Growing up, Michael wanted to be a zoologist. Now that he's a rapper, his puts his love for animals in his music, even if his ideas about animal captivity have done a total 180. He said relocating to our tropical paradise has been great for him artistically.
"I'm spending a lot more time outside here," he says. "I'm not gonna make a song like Pitbull anytime soon. I won't be doing any Rick Ross type songs. The influences are coming from my surroundings, from nature, the beach, things that I'm seeing visually, my friends."
He admits that, in the past, he's tried too hard to capture the vibe of other rappers with addictive styles.
"I'm a good rapper so I can rap any way I want to rap and it's going to sound good but I didn't get that satisfaction from it," he says. "That's not really my idea all the way, and I didn't feel right."
Even in L.A., he felt himself being pushed toward certain radio-friendly beats and rhymes before a lack of enthusiasm for the project earned him more creative control.
"I was like' fuck it man, I'll just do what I wanna do, make my own thing from my ideas from scratch and just put those out," he says. "I was scared because I was like 'yo, people are going to think it's stupid, somebody's going to think it's lame or weird. Somebody's going to think it's not hip hop, it ain't regular.' I had that thought always going through my mind, but I just pushed through."
Having worked so hard to find himself, it's important that he not get too involved in the sounds other people are making.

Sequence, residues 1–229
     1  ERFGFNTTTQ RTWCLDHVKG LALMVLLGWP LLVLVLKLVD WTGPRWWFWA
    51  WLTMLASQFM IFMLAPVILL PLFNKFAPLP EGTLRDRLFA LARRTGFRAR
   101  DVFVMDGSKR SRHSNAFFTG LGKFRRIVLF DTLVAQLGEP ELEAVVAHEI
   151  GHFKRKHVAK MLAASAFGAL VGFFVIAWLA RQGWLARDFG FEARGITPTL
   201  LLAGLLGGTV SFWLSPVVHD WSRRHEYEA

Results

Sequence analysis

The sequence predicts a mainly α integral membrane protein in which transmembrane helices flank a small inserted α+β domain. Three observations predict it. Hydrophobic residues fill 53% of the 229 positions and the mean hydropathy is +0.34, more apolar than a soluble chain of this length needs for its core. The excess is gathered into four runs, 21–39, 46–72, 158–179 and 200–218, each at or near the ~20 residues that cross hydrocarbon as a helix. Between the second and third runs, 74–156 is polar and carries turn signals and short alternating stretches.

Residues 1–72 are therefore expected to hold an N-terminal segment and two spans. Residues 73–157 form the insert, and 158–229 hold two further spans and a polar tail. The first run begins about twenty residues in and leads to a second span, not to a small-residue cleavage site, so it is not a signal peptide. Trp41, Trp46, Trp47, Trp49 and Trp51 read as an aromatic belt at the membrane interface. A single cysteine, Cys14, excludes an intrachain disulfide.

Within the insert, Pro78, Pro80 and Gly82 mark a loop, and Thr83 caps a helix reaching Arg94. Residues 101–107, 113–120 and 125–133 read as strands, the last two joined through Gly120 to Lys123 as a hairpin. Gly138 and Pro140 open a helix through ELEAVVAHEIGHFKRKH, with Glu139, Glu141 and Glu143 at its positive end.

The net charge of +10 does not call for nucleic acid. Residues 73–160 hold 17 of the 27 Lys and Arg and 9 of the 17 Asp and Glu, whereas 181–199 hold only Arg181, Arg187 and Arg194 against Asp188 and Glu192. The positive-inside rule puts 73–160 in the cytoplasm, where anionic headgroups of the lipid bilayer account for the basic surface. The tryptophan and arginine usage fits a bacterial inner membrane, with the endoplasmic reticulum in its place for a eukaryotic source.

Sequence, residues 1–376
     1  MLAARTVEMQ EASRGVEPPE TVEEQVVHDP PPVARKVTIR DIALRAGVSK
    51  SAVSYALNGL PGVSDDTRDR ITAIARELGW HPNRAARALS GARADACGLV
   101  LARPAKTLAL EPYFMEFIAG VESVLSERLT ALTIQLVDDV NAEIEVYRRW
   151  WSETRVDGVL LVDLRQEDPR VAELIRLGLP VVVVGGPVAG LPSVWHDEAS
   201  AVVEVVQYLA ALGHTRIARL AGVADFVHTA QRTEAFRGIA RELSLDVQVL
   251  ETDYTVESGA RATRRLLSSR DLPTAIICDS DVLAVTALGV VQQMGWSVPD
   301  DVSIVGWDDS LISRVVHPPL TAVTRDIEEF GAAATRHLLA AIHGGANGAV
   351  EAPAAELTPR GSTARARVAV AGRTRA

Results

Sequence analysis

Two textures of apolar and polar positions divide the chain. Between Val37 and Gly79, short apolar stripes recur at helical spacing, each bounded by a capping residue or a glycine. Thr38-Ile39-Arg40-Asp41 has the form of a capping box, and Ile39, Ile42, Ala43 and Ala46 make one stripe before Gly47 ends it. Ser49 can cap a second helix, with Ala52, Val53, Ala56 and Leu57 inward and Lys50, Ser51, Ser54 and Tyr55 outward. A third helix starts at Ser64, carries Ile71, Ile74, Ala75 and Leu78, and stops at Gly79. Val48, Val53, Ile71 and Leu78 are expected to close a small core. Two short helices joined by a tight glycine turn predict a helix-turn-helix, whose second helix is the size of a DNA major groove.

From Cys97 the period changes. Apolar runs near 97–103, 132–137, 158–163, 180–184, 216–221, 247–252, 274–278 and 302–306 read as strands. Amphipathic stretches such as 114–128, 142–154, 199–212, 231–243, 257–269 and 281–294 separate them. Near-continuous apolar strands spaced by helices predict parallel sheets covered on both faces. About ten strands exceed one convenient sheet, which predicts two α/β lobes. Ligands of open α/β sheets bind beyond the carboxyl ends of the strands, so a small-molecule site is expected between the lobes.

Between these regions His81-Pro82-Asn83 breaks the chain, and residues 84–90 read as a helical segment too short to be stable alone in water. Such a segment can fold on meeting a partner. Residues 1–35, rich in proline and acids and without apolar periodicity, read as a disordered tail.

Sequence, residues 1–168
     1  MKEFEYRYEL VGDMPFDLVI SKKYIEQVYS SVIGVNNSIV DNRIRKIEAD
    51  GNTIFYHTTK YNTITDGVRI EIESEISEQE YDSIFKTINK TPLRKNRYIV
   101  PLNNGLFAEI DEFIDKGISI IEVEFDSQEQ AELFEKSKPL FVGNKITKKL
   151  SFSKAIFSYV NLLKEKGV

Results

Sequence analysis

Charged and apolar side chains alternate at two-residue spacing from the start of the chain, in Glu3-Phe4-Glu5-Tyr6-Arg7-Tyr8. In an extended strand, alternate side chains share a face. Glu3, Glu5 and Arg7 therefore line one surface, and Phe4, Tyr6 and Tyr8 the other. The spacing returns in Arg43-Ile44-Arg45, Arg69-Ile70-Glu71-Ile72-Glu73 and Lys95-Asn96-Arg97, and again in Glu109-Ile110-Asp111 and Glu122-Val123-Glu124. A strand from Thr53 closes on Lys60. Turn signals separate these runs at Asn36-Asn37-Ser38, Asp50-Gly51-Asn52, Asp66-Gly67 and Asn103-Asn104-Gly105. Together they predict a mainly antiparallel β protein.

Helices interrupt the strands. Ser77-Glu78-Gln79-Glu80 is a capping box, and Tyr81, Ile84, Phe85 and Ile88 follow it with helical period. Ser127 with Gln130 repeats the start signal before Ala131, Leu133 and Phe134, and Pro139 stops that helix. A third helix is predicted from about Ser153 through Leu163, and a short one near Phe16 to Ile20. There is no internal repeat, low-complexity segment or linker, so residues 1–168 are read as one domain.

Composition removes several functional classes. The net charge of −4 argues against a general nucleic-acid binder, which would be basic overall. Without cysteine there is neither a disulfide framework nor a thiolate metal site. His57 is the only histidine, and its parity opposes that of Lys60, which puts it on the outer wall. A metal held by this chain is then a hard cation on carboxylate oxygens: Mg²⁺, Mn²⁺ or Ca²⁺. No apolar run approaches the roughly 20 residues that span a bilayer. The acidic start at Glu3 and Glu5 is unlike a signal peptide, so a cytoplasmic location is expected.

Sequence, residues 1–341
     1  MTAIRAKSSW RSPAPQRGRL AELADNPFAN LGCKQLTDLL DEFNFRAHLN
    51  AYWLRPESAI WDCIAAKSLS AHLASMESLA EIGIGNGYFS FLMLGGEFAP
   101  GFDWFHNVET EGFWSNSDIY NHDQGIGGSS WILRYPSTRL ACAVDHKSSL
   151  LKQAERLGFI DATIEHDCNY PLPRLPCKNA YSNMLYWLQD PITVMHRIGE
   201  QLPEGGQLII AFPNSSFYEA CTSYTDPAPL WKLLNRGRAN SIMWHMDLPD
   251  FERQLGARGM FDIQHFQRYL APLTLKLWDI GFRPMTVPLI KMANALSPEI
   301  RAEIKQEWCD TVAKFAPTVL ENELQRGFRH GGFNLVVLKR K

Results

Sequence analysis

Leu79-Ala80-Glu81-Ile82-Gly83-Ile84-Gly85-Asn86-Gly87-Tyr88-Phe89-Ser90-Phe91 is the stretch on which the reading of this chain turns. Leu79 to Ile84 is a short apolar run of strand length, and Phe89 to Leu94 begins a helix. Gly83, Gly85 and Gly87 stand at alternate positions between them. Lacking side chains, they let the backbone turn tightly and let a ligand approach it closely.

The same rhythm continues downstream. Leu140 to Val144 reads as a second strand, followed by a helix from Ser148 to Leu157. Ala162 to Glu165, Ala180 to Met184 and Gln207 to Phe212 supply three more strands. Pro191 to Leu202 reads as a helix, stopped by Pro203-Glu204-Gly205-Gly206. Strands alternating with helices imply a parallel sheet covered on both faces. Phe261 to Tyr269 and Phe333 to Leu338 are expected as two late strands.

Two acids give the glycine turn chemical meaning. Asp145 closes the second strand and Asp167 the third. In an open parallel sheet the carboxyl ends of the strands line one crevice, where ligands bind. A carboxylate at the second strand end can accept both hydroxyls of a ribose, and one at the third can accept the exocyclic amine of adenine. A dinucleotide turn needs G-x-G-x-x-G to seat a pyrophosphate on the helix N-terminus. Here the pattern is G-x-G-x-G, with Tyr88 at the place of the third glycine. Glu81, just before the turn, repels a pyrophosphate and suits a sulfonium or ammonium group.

"Especially in music, everybody is really influenced by what everybody else is doing and if something is cool now, everybody does that," he says. "We miss out on a lot of great music because some people are scared to be themselves, because they don't want to be picked on, they don't want to be stupid, they don't want to look foolish."
Banco isn't too serious, but it's smart. It's a party record that dares to get a little introspective, but mostly it's a fun-loving record from a fun-loving dude flexing his muscles.
"I really made a point to do everything myself, artwork, music. I even messed around with some beats on this album," he says. "I think it really turned out well and gave people a better picture of me, a better idea of what I think about all day and what goes through my head."
He's heading to L.A. soon to film the video for "Intro," one of his favorite songs on the release. He's also gearing up for the tour, breaking it up into regional sections and treating each leg to its own stage production and setlists, keeping things interesting for both himself and his fans. Of course, he'll be leading the way on all that as well. Maybe you'll see some Pokemon or dinosaurs on stage, or maybe he'll sell some "free the whales" shirts. Whatever he's feeling, you know?
"Respect nature, respect the animals. Let's not forget what we are and what we've come from. Be yourself, enjoy where you are, what you have, and who's with you," he says. "I was just hoping that maybe with this album I inspired somebody to do something crazy that they just wanted to do, and I think I might have hit the mark."